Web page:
(AP Photo/The Detroit News, John T. Greilick)
Sharpton lobbed some criticism at Detroit police, whose explanation of how Aiyana Stanley-Jones died from a gunshot has been contradicted by the girl's family. But he mostly offered a broad cultural message to a city where at least three children and an officer have been killed in recent weeks.
"I'd rather tell you to start looking at the man in the mirror. We've all done something that contributed to this," he said referring to Aiyana's death.
"This is it," Sharpton said at Second Ebenezer Church. "This child is the breaking point."
The congregation stood and applauded Sharpton, the final speaker at a nearly two-hour service that included gospel music and remarks from clergy.
Aiyana was shot in the neck while sleeping on a couch May 16. Police hunting for a murder suspect say an officer's gun accidentally fired inside the house after he was jostled by, or collided with, her grandmother. A stun grenade was also thrown through a window.
A lawyer for Aiyana's family, Geoffrey Fieger, is suing and claims the shot was fired from outside the house immediately after the grenade was used. A camera crew working on the A&E reality series "The First 48" accompanied police on the raid.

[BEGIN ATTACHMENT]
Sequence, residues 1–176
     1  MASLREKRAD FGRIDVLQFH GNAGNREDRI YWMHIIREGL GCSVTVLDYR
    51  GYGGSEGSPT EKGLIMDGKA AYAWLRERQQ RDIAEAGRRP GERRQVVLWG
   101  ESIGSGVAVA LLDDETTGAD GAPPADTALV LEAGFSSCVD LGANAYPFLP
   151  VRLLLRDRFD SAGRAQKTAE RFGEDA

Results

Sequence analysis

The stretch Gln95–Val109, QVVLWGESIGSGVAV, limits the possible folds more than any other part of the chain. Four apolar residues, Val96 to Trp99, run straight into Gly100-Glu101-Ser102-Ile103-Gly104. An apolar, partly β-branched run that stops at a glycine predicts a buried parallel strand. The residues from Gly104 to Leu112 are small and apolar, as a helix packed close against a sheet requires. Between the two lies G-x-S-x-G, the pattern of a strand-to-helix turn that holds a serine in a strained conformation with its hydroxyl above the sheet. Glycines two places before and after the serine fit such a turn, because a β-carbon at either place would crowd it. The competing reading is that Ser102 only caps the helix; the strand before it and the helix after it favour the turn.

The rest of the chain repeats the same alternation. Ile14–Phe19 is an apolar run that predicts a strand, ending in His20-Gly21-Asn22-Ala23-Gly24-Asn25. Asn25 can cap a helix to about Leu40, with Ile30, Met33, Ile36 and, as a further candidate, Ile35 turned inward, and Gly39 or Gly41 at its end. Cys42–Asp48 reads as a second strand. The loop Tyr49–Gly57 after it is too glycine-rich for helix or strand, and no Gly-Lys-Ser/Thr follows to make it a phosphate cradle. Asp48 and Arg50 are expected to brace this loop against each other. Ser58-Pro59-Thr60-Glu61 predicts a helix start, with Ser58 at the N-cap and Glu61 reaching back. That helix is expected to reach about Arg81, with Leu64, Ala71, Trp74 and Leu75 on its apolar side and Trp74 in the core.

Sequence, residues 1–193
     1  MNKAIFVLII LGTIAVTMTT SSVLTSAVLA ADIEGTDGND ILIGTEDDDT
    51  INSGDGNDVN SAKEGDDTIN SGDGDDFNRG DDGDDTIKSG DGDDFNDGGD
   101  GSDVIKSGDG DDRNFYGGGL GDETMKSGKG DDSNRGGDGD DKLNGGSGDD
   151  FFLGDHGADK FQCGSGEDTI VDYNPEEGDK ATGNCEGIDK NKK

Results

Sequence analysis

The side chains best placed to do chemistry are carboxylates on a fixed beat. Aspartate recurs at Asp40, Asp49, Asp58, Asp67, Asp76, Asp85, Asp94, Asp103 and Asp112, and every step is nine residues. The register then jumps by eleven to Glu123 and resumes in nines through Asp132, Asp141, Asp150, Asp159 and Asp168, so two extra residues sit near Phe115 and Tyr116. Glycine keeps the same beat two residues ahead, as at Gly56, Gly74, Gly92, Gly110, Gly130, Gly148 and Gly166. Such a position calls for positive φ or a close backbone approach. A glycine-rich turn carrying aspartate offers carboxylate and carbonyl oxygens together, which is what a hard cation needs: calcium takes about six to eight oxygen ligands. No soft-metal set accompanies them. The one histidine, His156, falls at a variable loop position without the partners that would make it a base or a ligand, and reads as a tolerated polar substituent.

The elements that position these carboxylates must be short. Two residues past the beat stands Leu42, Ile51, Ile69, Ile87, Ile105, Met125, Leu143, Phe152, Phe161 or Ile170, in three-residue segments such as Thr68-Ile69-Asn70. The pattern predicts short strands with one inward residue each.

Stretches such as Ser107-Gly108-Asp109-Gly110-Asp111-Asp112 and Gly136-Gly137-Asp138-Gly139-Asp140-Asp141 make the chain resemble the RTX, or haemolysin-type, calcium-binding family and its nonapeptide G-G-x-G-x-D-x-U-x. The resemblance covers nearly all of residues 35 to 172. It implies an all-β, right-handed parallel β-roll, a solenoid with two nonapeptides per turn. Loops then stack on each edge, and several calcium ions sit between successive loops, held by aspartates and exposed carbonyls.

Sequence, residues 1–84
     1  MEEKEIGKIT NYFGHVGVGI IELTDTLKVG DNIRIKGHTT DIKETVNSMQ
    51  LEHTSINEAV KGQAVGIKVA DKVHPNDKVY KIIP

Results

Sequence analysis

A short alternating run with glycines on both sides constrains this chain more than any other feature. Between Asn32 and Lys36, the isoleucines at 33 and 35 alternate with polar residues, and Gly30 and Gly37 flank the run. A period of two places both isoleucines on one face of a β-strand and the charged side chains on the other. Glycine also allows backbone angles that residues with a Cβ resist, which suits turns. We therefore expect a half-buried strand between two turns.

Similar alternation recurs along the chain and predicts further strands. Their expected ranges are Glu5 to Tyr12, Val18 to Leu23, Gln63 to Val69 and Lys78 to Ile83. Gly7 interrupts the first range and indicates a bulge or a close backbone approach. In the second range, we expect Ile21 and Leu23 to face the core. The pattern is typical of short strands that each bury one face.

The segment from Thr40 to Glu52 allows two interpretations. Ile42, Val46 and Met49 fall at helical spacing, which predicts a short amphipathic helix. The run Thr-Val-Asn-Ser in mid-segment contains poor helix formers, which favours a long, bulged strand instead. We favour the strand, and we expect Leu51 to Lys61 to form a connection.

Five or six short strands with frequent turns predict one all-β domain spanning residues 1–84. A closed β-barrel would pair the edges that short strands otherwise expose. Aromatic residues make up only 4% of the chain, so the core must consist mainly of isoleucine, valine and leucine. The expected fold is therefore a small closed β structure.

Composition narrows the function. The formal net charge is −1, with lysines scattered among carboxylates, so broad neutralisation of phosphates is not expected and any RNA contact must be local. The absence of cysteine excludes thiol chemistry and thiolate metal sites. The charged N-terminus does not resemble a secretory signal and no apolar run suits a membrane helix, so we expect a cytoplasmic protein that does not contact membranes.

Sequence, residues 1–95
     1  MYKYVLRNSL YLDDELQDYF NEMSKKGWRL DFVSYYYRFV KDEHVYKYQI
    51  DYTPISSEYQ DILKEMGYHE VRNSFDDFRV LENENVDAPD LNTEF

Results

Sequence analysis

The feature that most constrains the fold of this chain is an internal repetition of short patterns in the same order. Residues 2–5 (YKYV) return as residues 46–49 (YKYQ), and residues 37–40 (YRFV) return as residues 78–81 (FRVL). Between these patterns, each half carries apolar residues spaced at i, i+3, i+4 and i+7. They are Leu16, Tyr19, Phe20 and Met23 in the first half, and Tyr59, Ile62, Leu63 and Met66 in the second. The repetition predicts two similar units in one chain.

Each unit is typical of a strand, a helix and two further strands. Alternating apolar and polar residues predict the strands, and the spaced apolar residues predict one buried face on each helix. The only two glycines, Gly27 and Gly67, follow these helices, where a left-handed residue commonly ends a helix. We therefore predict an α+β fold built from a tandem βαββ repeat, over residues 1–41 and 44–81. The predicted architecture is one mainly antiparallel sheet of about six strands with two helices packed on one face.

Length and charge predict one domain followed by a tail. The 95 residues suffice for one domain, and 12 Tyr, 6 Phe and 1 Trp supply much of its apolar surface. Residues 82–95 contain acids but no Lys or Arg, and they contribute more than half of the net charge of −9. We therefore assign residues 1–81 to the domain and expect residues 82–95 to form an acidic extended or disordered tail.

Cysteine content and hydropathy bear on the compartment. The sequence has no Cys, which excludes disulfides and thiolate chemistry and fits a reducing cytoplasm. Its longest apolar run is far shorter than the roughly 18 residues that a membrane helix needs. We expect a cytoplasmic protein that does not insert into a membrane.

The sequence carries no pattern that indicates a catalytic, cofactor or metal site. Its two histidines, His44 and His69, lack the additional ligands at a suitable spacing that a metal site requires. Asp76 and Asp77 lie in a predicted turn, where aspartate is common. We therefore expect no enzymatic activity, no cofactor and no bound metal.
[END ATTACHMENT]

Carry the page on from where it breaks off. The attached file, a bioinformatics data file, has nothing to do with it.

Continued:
"Do they throw these flash grenades in everybody's neighborhood? Would you have gone in Bloomfield Hills and did what you did?" Sharpton said, referring to a wealthy Detroit suburb. "Have you ever heard of putting on a light and calling people to come out?"
Before the service, Aiyana's coffin was open for people to pay their respects. A flower arrangement shaped like a princess crown and bearing her name was on a stand.
A few days earlier, Michigan Attorney General Mike Cox, a Republican running for governor, criticized Sharpton's visit, saying he was disgusted and accusing the New Yorker of a "drive-by at the scene of a tragedy."
"I'm disgusted when I look at a 7-year-old baby in a casket," Sharpton said during his eulogy. "And rather turn to each other, we name-call and ego-tripping and trying to jump in front of a camera rather than stand up and say, 'Enough is enough."'
Sharpton said children need guidance and respect and maybe Aiyana's death will be the catalyst.
Young men carried Aiyana's white casket on their shoulders out of the church to a horse-led cortege for burial at Trinity Cemetery.
The mourners included Erica Milioni of Adrian, her husband and their seven children. They are trying to move to Detroit to get involved in urban farming and had heard about the tragedy.
"The Bible says weep with those who weep. I thought it was a blessing. I was blessed by the mix of truth and the pursuit of peace," Milioni said of the service.
Aiyana's cousin, Rachel Conley, 34, of Eastpointe said she was inspired by Sharpton and plans to start a program called "Aiyana's Angels" to give young girls a safe place to be, perhaps a few times a month.
Roshell Johnson, 9, was wearing a shirt with a picture of Aiyana, her best friend. The funeral program said she liked Disney's "Hannah Montana" show and all the Disney princesses.
"Why did the police do it to her?" Roshell said after the service. "I loved her so much. I want her to come back alive."